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Home » Resources » Notes For the Reflective Practitioner » NOTES FOR THE REFLECTIVE PRACTITIONER – February 2024



Volume Twenty-Five, Number Three (February, 2024)

“What we have loved, others will love, and we will teach them how.”

(W. Wordsworth, from “The Prelude”)


Greetings, friends. We’ve had the most mild winter in Minnesota history, which has added to the sometimes surreal nature of the times in which we live. Though we embrace the opportunity to live “in interesting times,” I’m not sure any of us could have predicted the state of the socio-political dynamics in our world right now. May this be a time for a renewed commitment to our reflective practice, which offers us the patience and the tools to navigate toward a longer horizon.

Occasionally, I (or my colleagues) refer to items from previous issues of Notes.  If you have not been a subscriber previously, and wish to review our conversations, past issues of Notes are available on-line at I thank my friends at Johnson, Grossnickle & Associates for their many years of abiding support for our reflective practice.


By another way…

I preached this homily in the Augsburg University Chapel during the first week in the spring semester.

Matthew 2: 11-12 (KJV)

From “The Summer Day” by Mary Oliver

I don’t know exactly what a prayer is.

I do know how to pay attention, how to fall down into the grass, how to kneel down in the grass,

how to be idle and blessed, how to stroll through the fields, which is what I have been doing all day.

Tell me, what else should I have done? Doesn’t everything die at last, and too soon?

Tell me, what is it you plan to do

with your one wild and precious life?

—Mary Oliver

I love the fantastical story of the Wise Ones, who travel from afar to find the Christ Child. Found only in Matthew’s gospel, the story is mysterious, cryptic, magical – and probably not true. But who cares, because it is a story – like all good fiction – that draws us to a larger truth. And I think that this larger truth is found in the two verses we heard from the story this morning: they find the child and his mother; they bow down in reverence; and then, directed by the Divine, set off by “another way.”

I am struck during this Epiphany season, this time after Christmas when we mark the ways in which the gospel is proclaimed to the entire world, what it means for all of God’s faithful people to set off “by another way” now that we too have seen the Christ Child and been changed forever.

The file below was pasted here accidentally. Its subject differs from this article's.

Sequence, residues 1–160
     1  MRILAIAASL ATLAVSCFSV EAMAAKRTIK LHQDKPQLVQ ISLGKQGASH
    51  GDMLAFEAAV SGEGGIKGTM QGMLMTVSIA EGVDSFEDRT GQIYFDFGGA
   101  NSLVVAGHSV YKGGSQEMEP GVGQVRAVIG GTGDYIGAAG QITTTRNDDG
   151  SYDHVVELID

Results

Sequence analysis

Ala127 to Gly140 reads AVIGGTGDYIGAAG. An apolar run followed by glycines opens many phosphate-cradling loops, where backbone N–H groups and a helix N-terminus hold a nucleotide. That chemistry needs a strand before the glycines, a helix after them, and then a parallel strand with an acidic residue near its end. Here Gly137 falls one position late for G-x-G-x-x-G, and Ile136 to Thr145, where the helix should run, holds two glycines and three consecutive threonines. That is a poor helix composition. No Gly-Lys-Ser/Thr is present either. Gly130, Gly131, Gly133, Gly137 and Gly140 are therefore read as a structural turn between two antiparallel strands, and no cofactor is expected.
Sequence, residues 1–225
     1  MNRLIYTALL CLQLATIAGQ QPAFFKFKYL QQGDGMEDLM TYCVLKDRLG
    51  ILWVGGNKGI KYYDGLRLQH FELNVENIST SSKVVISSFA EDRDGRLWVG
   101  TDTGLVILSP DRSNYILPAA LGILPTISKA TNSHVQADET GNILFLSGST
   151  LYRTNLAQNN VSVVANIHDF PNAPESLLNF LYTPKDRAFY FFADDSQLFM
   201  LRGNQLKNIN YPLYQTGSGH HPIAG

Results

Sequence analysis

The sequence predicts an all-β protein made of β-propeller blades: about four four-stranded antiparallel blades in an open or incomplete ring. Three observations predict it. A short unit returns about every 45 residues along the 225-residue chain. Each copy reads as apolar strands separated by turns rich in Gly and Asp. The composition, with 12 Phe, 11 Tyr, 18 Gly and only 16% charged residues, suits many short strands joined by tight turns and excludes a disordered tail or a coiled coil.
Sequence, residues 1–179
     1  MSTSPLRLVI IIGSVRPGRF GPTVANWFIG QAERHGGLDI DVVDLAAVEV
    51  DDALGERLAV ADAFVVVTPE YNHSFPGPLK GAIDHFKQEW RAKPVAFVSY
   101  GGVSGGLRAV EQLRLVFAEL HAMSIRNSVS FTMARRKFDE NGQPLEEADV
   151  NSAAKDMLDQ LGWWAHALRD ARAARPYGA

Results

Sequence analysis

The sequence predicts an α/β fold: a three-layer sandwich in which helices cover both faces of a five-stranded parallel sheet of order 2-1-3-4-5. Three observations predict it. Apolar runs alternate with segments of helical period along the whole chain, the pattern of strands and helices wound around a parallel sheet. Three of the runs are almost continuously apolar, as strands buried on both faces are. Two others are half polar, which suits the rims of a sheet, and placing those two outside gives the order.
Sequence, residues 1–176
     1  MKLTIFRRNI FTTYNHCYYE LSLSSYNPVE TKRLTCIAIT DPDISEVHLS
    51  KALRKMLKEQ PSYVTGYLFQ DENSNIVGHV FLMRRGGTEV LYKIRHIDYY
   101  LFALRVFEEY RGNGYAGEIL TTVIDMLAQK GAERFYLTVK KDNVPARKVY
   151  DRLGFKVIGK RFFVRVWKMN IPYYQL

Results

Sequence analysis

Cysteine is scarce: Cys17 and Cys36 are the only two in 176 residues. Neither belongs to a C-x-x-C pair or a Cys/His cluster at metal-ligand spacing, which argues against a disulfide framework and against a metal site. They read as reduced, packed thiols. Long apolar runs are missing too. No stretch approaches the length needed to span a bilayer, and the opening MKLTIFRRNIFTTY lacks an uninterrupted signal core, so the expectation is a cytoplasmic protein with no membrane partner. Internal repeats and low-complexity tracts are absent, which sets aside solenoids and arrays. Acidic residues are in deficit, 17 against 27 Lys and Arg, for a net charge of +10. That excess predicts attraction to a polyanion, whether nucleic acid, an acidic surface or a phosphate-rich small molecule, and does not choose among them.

This Epiphany season is a fitting time for us to answer poet Mary Oliver’s piercing question, “Tell me, what is it you plan to do with your one wild and precious life?” But I want to back up a few lines in her poem to explore why the question itself is important. As she writes, “I do know how

to pay attention, how to fall down into the grass, how to kneel down in the grass, how to be idle and blessed, how to stroll through the fields…Tell me, what else should I have done?” There is the question that haunts me this Epiphany. What else should I have done? What else shall I do now that God has entered human history in the person of a child, now that the Word has become flesh and dwelled among us, now that we have been changed forever by God’s loving and gracious act? What else?

What else should I have done? What does it mean for God’s faithful people to travel – at God’s invitation and direction – by another way?

First, we confess – several years ago, our annual Advent Vespers services began with this powerful prayer, crafted by Keith Watkins:

“Prayer of Confession” by Keith Watkins

God, we confess that ours is still a world in which Herod seems to rule:

The powerful are revered, the visions of the wise are ignored, the poor are afflicted, and the innocents are killed.

You show that salvation comes in the vulnerability of a child, yet we hunger for the “security” of walls.

You teach us that freedom comes in loving service, yet we trample on others in our efforts to be “free.”

Forgive us, God, when we look to the palace instead of the stable, when we heed politicians more than prophets.Renew us with the spirit of Bethlehem, that we may be better prepared for your coming.


Ours is a world that reveres power, that ignores wisdom, that afflicts the poor, that kills the innocents. We are people who seek salvation in walling ourselves off from each other. We are a people who seek to get ahead by climbing over the vulnerable in our midst. We long for palaces and other signs of wealth instead of the humble and ordinary ways in which God’s will is done.

We put our faith in human promises when prophets proclaim another way. We ignore the question that the Christ Child puts to each of us – what else should I do to live as God intends?

And then confident of God’s faithful promise of forgiveness and reconciliation, we move forward by another way. Perhaps we listen to the call of prophets like African-American theologian Howard Thurman, who wrote this call to action: